Our greatest enemy of them all is not a person, place, or thing, it’s lack of belief in value; whether the dentistry or their health.  This is the real competition you are up against and face with every patient conversation and experience you have.

Here’s what matters, three things:

First, never take the patient for granted or make assumptions with what they might be thinking or perceiving to be true.  This is why the best defense is offense with questions and asking the patient for their feedback and thoughts.

Second, always know that you are responsible for how they think and what they believe to be true.  You are able to shape what they value through your educational approach, the interactivity that you create, your experience that you have designed with intentionality, and by beginning with the end in mind.

Third and finally, no one generally makes decisions until they are forced to and if you’d like me to ease that word a little bit we can say until they are compelled to.  That is the way I want you to think about it.  You compel patients to move, to act, to value, to decide.

As our DST team member Maegen says, “Procrastination is the only thing we really compete against with our patients, once you have done everything else to build value and achieve a clinical yes.” 

It’s a failure when patients procrastinate because no one wins – literally everyone loses.  What you should know is not all is lost as long as you are in control and creating some next step and opportunity to keep your patients in motion.

None the less, you can’t see success as anything other than overcoming these levels of the patient mindset as you value build and compel decisive action towards their goals.

I realize that there are other things to combat such as money which is fixed with value and time which is fixed with benefits being enjoyed faster and consequences being avoided.  Again, offense will prevent the need to be defensive with these items.

There is of course one other big underlying common competitor that everyone faces in the game of dentistry. Everyone, more you than the patient, has been brainwashed to see it as a friend instead of the enemy.  

Actually, dealt with properly, is the least the competition but the one that receives the most focus.  Of course, I’m talking about, primarily in your case, insurance.  But you could think of anything that competes against the principles that you practice with.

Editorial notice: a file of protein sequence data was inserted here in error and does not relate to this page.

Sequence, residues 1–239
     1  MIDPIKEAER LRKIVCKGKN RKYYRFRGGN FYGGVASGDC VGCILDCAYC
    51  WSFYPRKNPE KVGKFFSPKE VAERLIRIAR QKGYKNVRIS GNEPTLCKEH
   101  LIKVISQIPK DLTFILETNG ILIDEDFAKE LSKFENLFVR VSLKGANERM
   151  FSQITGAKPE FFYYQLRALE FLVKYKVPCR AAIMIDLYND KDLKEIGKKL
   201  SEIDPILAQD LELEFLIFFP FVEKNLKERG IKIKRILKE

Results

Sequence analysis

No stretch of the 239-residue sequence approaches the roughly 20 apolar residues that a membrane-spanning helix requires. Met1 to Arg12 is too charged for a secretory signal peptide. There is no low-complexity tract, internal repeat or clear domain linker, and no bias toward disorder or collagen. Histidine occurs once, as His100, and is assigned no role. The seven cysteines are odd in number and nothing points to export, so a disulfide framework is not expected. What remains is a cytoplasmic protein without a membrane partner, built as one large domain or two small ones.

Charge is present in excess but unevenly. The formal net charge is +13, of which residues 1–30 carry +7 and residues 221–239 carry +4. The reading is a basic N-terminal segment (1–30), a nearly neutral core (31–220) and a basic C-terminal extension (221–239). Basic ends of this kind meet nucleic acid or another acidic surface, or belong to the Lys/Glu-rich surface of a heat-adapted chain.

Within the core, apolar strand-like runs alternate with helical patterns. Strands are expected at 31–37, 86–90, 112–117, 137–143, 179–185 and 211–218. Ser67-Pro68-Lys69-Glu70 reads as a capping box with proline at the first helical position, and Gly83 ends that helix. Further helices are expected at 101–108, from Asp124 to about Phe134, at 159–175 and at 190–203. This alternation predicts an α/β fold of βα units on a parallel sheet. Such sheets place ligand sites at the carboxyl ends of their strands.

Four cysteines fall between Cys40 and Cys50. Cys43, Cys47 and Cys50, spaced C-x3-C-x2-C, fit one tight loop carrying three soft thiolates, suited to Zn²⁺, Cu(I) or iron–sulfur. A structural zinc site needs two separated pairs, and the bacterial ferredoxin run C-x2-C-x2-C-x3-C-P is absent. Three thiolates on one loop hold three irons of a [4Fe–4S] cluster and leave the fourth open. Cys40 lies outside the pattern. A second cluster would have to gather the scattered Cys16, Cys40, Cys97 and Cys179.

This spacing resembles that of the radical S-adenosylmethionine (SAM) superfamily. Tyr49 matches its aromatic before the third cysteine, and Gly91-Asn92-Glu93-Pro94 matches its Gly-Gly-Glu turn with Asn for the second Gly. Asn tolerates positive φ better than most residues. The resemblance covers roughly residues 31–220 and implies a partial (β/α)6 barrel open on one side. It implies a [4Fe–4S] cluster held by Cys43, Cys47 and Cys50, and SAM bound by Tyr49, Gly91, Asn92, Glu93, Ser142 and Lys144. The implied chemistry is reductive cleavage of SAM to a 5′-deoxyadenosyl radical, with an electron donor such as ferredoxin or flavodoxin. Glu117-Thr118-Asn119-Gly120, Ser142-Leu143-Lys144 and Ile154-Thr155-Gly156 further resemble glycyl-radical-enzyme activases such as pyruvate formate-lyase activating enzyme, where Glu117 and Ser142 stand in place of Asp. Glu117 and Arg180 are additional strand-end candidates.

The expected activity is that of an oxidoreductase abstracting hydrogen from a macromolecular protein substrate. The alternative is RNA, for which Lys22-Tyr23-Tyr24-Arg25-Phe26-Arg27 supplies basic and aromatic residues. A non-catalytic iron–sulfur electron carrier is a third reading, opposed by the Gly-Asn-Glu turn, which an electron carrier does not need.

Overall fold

In short, insurance is the enemy telling you what you can and can’t do with your patients and telling the patients what they do or don’t need.  

The entire game of insurance is to get doctors to practice based on the insurance protocols in an attempt to dictate practice systems, culture, and approach around insurance instead of the patient health.

Yet, you can define how you are going to be seen on the outside and how you are going to operate on the inside. You get to choose your own protocols, mission, purpose, everything.  You get to decide your own playbook.  As long as you fight back against this idea of others telling you what is good or bad or what you should or shouldn’t or what you are or aren’t.  

We talk so much about beating the insurance enemy in nearly everything we do so I’m not going to fixate on that here today.  

Finally, there is one other competing enemy out there that you have to be on defense with all the time and that is time itself.

This is the ‘busy’ of the day and the volume of the patients.  You must resist the urge to get caught up in the ‘see more people faster’ concept.  

We believe that dentistry is still at its core a human to human engagement, not a transaction.  Don’t try to win at the wrong game.  You won’t be happy with the outcome even if you get good at it.

This doesn’t mean don’t build a big practice or have a lot of patients or anything else – by whatever definition you want – but it does mean never lose sight of your core principles and of not just the game you are playing but how you are playing it.

I’ll be releasing my brand-new book all amount maximizing your schedule so you can win at the game of patient health, without needing extra office hours.  Be on the lookout in the coming weeks.

Next week, we are going to talk about the greatest enemy of them all and you already guessed what it is.  It happens to be you.  And I’m going to show you how to go on defense against all the forces that work to undermine your own success.  Those ‘negative’ nerves that plague even the greatest of all players.

You will find, as we head into the culminating pieces of our Practice Playbook, that just like real sports innate ability and physical prowess does in fact only get you so far.  It’s the mental game, the emotional management, the disciplined control over the inner self that gives one the edge over everything else.

To win the game you are playing, you must first win the game within!